America Secedes from the Empire
Congress Drafts George Washington
The Second Continental Congress selected George Washington to head the army besieging Boston.
Bunker Hill and Hessian Hirelings
From April 1775 to July 1776, the colonists were both affirming their loyalty to the king by sincerely voicing their desire to patch up difficulties while at the same time raising armies and killing redcoats.
In May 1775, a tiny American force under Ethan Allen and Benedict Arnold captured the British garrisons at Ticonderoga and Crown Point. There, a store of gunpowder and artillery was secured.
In June 1775, the colonists captured Bunker Hill. The British took it back with a large number of soldiers.
In July 1775, the Second Continental Congress adopted the "Olive Branch Petition", which professed American loyalty to the king and begged to the king to stop further hostilities. The petition was rejected by the king. With the rejection, the Americans were forced to choose to fight to become independent or to submit to British rule and power.
In August 1775, King George III proclaimed that the colonies were in rebellion. He then hired German Hessians to bring order to the colonies.
The Abortive Conquest of Canada
In October 1775, the British burned Falmouth (Portland), Maine. In the same month, colonists made an attack on Canada in hopes that it would close it off as a possible source for a British striking point. The attack failed when General Richard Montgomery was killed.
In January 1776, the British set fire to Norfolk.
Thomas Paine Preaches Common Sense
The Americans continued to deny any intention of independence because loyalty to the empire was deeply ingrained; many Americans continued to consider themselves apart of a transatlantic community in which the mother country of Britain played a leading role; colonial unity was poor; and open rebellion was dangerous.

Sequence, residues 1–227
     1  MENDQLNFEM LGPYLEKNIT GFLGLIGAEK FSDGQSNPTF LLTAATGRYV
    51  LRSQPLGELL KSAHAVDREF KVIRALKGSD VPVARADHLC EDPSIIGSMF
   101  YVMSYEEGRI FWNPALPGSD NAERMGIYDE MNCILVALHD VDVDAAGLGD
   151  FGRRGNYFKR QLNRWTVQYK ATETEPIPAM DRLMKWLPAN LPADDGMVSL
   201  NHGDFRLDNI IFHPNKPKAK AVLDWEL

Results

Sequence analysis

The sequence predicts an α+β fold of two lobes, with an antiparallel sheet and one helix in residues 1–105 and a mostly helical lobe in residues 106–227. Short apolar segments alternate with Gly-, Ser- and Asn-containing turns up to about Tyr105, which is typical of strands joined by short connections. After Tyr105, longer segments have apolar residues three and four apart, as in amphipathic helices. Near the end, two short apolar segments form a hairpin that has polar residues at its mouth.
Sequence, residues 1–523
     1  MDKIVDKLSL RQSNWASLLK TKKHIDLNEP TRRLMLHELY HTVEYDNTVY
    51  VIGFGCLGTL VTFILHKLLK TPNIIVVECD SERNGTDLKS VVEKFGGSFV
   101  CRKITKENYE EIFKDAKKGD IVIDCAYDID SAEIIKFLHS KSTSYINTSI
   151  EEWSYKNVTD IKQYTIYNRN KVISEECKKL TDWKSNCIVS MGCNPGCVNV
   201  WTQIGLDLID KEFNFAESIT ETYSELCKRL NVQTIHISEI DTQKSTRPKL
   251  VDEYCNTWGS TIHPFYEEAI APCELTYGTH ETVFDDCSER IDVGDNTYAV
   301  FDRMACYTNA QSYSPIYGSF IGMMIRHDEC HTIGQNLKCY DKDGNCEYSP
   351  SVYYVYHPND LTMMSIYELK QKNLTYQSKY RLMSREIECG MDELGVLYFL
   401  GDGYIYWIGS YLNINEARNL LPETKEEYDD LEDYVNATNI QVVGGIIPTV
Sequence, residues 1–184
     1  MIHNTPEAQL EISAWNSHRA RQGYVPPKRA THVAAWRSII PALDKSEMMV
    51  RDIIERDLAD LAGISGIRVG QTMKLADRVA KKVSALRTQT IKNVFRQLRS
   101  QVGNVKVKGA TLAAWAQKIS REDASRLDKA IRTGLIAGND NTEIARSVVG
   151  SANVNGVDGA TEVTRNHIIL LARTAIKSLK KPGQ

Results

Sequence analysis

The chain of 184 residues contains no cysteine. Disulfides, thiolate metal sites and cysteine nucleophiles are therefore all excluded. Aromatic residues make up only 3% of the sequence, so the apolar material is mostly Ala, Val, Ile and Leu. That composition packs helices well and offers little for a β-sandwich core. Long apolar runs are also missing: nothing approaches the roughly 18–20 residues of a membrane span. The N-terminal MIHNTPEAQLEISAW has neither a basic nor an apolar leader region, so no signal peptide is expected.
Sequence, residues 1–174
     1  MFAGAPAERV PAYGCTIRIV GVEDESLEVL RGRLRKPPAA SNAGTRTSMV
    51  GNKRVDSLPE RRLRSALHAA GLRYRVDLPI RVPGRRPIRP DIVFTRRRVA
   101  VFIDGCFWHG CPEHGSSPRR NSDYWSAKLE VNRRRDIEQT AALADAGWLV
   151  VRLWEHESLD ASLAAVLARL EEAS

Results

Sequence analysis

Thomas Paine released a pamphlet called Common Sense in 1776. It argued that the colonies had outgrown any need for English domination and that they should be given independence.
Paine and the Idea of "Republicanism"
Thomas Paine called for the creation of a new kind of political society, specifically a republic, where power flowed from the people themselves.
Jefferson's Explanation of Independence
On July 2, 1776, Richard Henry Lee of Virginia's resolution of declaring independence was passed. It was the formal declaration of independence by the American colonies.
Thomas Jefferson was appointed to draft up the Declaration of Independence. The Declaration of Independence was formally approved by Congress on July 4, 1776. It was an explanation of everything the king had done to the Americans.
Patriots and Loyalists
During the War of Independence, the Loyalists were called "Tories" and the Patriots were called "Whigs."
Tory: "a thing whose head is in England, and its body in America, and its neck ought to be stretched."
The Loyalists made up 16% of the American population. Many people of education and wealth remained loyal to England. Loyalists were most numerous where the Anglican church was strongest. The Loyalists were well entrenched in New York City, Charleston, Quaker Pennsylvania, and New Jersey. They were least numerous in New England.
The Patriots were numerous where Presbyterianism and Congregationalism flourished-mostly in New England.
The Loyalist Exodus
Before the Declaration of Independence, the Loyalists were treated relatively mild. After, though, they were hanged, imprisoned, and roughly handled.
They Loyalists were forced to leave because the Patriots had to eliminate their weaknesses.
General Washington at Bay
The British concentrated New York City as a base of operation due to the fact that Boston was evacuated in March 1776.
In 1776, General Washington and his men were overpowered by the British at the Battle of Long Island. Washington and his men escaped to Manhattan Island.